A few months after the American Chemical Society won its lawsuit against the pirate site, the game of virtual whack-a-mole continues.
The company announces that it will stop offering health interpretations of personal genetic data.
December 6, 2013|
WIKIMEDIA, JEROME WALKERLast month in an open letter, the US Food and Drug Administration instructed genetics company 23andMe to stop marketing its Personal Genome Service (PGS) due to lack of communication from the firm and because the agency was “concerned about the public health consequences of inaccurate results.” PGS customers paid $99, sent in a saliva sample, and received individual ancestry and genetic information, as well as an interpretation of their genetic data related to 254 health conditions. 23andMe announced yesterday (December 5) that it would no longer provide health interpretations for new customers, but that it would continue to provide raw genetic data and ancestry information as it works with the FDA to conform to regulations.
In a statement, 23andMe explained that PGS customers who purchased or received the results of their kits before November 22, 2013 will still have access to health-related results. Customers who purchased their kits after this date are eligible for a refund or may opt to receive raw genetic data and ancestry information only. “These new customers may receive additional health-related results in the future, dependent upon FDA marketing authorization,” the statement said.
“We remain firmly committed to fulfilling our long-term mission to help people everywhere have access to their own genetic data and have the ability to use that information to improve their lives,” 23andMe cofounder and CEO Anne Wojcicki said in the statement. “Our goal is to work cooperatively with the FDA to provide that opportunity in a way that clearly demonstrates the benefit to people and the validity of the science that underlies the test.”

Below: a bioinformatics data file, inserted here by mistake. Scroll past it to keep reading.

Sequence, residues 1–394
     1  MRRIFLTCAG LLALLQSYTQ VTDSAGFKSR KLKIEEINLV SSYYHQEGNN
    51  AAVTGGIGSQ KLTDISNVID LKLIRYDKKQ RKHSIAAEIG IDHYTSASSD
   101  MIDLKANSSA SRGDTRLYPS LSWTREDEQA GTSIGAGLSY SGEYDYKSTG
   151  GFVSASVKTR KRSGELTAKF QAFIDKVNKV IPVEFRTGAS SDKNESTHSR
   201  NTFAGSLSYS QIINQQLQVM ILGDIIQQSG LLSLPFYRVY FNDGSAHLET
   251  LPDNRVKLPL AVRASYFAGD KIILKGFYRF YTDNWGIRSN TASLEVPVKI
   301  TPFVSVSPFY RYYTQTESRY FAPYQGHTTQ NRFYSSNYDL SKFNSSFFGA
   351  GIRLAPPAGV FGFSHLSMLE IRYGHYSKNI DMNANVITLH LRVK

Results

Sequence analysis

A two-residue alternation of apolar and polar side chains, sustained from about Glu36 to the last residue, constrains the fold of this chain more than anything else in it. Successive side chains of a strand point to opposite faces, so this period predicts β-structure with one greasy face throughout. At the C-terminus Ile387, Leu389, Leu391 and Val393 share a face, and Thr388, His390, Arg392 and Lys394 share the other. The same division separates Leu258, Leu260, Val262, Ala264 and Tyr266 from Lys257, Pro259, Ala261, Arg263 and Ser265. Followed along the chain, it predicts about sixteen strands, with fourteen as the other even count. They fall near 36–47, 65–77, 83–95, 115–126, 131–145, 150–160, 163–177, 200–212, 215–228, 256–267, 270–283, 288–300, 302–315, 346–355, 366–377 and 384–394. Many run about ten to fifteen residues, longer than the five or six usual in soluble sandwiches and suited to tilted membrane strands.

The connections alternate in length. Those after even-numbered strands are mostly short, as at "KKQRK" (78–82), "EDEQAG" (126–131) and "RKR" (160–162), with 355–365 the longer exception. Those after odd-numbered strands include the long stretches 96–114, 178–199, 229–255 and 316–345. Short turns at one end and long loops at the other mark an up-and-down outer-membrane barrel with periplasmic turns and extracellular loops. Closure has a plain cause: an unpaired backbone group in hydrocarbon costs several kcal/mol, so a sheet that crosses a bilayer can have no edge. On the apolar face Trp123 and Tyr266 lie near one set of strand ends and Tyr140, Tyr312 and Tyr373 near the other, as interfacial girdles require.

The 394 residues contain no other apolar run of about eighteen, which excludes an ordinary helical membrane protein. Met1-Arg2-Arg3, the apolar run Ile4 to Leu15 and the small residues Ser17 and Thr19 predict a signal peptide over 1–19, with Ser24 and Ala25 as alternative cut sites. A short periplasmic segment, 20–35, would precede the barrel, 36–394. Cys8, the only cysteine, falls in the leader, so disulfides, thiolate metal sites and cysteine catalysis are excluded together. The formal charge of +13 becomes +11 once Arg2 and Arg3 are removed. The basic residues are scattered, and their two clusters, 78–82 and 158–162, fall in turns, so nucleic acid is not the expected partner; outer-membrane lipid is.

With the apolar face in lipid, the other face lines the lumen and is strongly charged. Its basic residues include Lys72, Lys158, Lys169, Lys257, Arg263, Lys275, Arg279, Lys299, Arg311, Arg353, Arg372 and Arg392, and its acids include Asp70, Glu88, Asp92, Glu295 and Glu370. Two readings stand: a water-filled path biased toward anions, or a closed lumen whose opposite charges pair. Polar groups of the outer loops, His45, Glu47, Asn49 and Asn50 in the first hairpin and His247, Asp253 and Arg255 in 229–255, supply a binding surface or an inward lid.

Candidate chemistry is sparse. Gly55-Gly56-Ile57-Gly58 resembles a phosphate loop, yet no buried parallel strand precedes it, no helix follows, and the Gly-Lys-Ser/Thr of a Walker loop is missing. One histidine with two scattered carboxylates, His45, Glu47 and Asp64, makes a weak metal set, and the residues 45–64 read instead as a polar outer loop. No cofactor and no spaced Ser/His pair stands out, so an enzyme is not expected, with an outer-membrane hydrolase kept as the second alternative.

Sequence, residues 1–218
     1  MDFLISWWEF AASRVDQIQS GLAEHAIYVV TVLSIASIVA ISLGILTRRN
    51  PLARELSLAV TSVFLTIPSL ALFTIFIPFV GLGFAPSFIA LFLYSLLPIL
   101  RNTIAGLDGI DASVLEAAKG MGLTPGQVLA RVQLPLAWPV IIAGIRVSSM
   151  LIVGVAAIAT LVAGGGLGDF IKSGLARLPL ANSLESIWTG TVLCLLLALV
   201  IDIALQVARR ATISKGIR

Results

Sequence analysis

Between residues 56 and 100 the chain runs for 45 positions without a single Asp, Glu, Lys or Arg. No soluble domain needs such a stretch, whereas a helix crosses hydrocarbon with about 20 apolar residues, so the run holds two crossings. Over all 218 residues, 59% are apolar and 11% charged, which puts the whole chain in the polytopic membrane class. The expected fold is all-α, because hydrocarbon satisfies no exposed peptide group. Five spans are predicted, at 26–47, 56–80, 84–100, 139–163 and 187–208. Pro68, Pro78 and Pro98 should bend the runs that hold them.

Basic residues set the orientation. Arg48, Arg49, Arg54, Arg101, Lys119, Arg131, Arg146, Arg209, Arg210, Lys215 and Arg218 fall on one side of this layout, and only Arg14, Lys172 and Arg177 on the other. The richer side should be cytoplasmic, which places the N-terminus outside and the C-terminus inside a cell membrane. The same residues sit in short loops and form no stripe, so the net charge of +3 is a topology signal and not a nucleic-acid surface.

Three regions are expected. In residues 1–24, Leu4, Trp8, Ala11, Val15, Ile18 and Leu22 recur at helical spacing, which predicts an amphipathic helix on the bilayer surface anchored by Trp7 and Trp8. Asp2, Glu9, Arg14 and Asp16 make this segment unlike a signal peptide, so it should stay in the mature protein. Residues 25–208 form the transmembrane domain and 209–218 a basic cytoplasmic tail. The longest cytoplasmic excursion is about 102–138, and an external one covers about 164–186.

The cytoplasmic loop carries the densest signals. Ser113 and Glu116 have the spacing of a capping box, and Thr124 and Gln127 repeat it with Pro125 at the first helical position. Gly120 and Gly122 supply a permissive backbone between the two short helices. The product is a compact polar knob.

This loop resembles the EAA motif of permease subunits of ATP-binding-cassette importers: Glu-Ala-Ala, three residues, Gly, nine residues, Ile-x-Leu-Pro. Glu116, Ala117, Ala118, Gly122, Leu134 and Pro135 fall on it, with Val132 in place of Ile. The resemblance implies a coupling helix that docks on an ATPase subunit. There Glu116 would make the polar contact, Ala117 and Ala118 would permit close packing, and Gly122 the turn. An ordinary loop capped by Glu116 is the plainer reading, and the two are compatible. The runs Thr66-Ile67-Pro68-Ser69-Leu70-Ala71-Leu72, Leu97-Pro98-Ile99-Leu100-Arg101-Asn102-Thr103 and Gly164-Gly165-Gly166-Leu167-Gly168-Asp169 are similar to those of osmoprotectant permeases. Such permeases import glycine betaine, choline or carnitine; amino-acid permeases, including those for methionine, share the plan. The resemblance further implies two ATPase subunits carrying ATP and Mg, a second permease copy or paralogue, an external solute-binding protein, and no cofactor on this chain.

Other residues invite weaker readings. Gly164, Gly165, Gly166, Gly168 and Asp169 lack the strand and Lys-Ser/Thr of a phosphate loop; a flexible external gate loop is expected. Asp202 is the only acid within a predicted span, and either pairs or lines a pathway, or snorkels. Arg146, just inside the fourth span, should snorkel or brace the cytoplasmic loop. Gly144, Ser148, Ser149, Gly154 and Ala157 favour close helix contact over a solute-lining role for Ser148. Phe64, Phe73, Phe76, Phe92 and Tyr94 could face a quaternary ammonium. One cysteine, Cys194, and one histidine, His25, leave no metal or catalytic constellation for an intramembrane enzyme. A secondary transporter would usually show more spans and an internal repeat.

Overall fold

The FDA also seems to be on board. “We agree that access to tests through a direct-to-consumer model will allow consumers to take a more active role in certain aspects of their health,” Commissioner Margaret Hamburg wrote in a letter to The Wall Street Journal on December 3. “We remain committed to continuing our ongoing dialogue with the company in order to bring a safe, effective and trusted product to the market.”
December 9, 2013
Big Pharma is likely influencing the FDA decision. They don't want to begin drug testing based on phenotypes because of the expense. Information in the hands of consumers is not in their interest. Drug companies would no longer be able to dismiss problems with pharmaceuticals as inconsequential when testing shows that most or all of individuals with a particular genetic profile are harmed by a drug which is well tolerated by others.
December 9, 2013
The large shareholders of 23andme are probably looking hard at who in top management needs to be remaindered.
December 9, 2013
The FDA is not being driven by Big Pharma. Give them a break. They have a stated policy not to block innovation which 23andme is trying to provide. They also have an obligation to uphold the law and if you have read anything you would know that after 14 face to face meetings with the FDA 23andme refused to stop marketing their bogus testing providing dangerous faulty un-scientific speculative interpretations of data they had no right to provide.
Truth be told, I wonder why the Agency took so long to take these idiots down. 23and me is just another example of Silicon Valley know-nothing mogels who never created anything requiring consistent quality WORK whining about how hard it is to really make money in a Real industry like Pharma.
Go back to creating games for 13 year olds, or spying on innocent users Google (23andme founded with money from do-nothing Google founder wife-- as if that's a surprise).
December 12, 2013
It's neither a "Big Pharma conspiracy" nor an ignorant money-grubbing Silicon Valley company. If you take the time to examine the 23andMe website, you will see that for all results they link to original papers and sources. Customers can examine the science behind their genetics. This does, however, require an educated consumer (or one willing and able to educate themselves). Fortunately there are numerous groups that users can join to exchange information and ask questions. As best I can tell, 23andMe makes no unsubstantiated or unscientific claims AND takes pains to ensure that customers who don't understand their results (or their significance) have several avenues to better understand the science. That is commendable. While I do believe the FDA is largely a force for good, and I believe 23andMe is a responsible company, I am not clear on exactly what the issues are between the FDA and 23andMe. I have not yet found a source that explicitly details those differences; eveything (including the article above) is vague on those key points.